Most everyone knows that "metaphorically, sitting on the fence is straddling the position between two ideas without committing to either of them."
And when I see various squirrel types "on the fence," in Central Park, it has prompted me to check out the idiom's origin.
The same thought has occurred to me when I see various wildbirds on the fence.
Evidently, "'on the fence' has its roots in Middle English, when the word 'fens', short for 'defens' was originated. Later, an “e” was added to the term to form the word defense as it is used today. Fences often define ownership, and to sit on a physical fence is to straddle a position between two different properties." (http://bit.ly/2MY6Q78)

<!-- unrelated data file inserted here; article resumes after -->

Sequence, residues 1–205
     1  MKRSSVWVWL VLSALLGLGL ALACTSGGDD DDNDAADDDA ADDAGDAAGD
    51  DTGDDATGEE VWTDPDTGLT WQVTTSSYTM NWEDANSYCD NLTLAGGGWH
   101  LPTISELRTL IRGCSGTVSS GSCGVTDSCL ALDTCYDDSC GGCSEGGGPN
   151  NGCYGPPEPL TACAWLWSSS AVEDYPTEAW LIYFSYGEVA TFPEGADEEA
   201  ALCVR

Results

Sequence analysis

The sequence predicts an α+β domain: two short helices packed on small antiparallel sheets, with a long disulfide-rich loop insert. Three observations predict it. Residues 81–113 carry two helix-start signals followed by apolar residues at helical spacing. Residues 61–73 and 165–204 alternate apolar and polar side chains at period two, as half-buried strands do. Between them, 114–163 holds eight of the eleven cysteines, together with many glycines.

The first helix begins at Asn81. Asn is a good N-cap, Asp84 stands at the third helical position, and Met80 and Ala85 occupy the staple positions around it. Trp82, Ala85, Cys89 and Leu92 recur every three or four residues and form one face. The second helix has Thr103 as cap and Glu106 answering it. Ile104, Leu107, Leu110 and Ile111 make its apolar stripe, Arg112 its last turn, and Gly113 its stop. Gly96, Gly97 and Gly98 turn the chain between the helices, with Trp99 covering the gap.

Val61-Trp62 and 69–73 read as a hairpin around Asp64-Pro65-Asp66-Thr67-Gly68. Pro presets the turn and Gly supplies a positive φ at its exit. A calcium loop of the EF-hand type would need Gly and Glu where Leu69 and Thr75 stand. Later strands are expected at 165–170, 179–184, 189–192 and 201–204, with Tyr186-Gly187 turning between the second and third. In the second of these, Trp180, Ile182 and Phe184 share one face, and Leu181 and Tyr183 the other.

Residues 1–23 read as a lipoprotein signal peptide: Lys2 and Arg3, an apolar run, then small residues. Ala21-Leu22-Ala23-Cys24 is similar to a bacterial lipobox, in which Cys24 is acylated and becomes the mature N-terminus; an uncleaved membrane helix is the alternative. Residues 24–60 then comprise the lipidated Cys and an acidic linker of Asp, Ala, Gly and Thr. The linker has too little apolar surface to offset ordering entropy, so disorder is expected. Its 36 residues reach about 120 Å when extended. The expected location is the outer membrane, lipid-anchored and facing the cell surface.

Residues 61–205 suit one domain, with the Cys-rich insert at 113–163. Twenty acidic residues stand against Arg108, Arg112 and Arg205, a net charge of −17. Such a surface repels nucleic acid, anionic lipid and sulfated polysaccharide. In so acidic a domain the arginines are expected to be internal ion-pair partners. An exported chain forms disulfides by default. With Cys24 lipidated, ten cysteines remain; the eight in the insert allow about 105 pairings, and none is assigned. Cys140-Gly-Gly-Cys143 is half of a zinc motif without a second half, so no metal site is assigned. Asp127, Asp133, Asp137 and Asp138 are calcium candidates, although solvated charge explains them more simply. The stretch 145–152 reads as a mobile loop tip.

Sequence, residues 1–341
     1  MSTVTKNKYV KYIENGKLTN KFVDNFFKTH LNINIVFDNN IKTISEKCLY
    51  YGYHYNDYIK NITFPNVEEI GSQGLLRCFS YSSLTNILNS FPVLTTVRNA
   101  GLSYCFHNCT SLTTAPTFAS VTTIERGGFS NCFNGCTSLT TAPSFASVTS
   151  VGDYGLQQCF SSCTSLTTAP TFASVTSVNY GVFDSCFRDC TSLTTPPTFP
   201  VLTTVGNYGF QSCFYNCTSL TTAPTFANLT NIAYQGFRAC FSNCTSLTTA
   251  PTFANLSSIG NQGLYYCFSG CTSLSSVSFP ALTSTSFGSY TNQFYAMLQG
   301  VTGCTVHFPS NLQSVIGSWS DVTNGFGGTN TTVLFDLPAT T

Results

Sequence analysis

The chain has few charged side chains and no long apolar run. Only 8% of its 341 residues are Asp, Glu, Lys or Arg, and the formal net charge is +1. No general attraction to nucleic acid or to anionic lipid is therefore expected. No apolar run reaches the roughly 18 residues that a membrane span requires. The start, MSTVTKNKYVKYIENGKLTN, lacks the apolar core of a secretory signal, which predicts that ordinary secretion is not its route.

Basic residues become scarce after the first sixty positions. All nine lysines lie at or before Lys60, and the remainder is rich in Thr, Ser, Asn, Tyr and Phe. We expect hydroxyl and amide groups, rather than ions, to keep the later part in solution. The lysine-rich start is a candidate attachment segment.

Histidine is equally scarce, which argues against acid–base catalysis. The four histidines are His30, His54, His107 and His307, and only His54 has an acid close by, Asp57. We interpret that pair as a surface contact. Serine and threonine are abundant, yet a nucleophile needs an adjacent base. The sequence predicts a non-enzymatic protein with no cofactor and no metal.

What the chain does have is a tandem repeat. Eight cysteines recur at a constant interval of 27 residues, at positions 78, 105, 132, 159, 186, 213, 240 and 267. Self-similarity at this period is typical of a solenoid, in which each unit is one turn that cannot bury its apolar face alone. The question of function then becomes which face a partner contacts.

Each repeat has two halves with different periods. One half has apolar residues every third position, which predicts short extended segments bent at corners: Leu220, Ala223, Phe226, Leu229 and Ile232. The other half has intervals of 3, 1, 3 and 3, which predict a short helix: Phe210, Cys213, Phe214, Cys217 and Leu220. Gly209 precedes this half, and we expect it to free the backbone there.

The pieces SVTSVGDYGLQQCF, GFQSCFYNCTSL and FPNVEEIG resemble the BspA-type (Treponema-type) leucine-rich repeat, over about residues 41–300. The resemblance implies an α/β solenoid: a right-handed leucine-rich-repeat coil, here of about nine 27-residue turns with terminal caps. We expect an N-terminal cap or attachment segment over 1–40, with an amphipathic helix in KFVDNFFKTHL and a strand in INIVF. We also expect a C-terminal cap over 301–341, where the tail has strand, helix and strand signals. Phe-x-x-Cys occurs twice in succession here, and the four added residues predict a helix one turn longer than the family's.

Btw, all the bird types seen here are featured in my book series, Words In Our Beak ...
... which make a wonderful gift for Valentines Day, which is only six days away! And I have a great line of cards for this occasion that are available via Fine Art America.
SOOOO, if you have been on the fence re what to get your true love for Valentine's Day; get off the fence and get these cards as well as the book series, Words In Our Beak!
Here's the book series purchase info:
Volume One: ISBN: 9780996378529
Book Seller Info: http://bit.ly/2AFZDCz
Barnes & Noble On-Line: http://bit.ly/2AAnB26
book culture On Columbus (a bookstore on the UWS in NYC): http://bit.ly/2FsC1Uf
Book Seller Info: http://bit.ly/2q75g8e
Barnes & Noble On-Line: http://bit.ly/2G65m6H
Barnes & Noble On-Line: http://bit.ly/2vedQot
EACH OF THESE BOOKS CAN BE ORDERED FROM ANY PLACE SELLING BOOKS BY GIVING THEM THE TITLE, OR ISBN, OR MY NAME, PATRICIA YOUNGQUIST.